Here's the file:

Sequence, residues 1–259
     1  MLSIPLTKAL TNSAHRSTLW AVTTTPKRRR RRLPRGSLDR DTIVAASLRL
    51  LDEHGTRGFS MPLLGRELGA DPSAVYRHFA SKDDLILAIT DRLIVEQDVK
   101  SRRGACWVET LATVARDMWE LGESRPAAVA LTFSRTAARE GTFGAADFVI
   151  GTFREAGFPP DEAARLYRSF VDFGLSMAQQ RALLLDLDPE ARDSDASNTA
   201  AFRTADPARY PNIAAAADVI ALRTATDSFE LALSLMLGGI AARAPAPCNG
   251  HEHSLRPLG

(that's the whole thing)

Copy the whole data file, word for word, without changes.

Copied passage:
Sequence, residues 1–259
     1  MLSIPLTKAL TNSAHRSTLW AVTTTPKRRR RRLPRGSLDR DTIVAASLRL
    51  LDEHGTRGFS MPLLGRELGA DPSAVYRHFA SKDDLILAIT DRLIVEQDVK
   101  SRRGACWVET LATVARDMWE LGESRPAAVA LTFSRTAARE GTFGAADFVI
   151  GTFREAGFPP DEAARLYRSF VDFGLSMAQQ RALLLDLDPE ARDSDASNTA
   201  AFRTADPARY PNIAAAADVI ALRTATDSFE LALSLMLGGI AARAPAPCNG
   251  HEHSLRPLG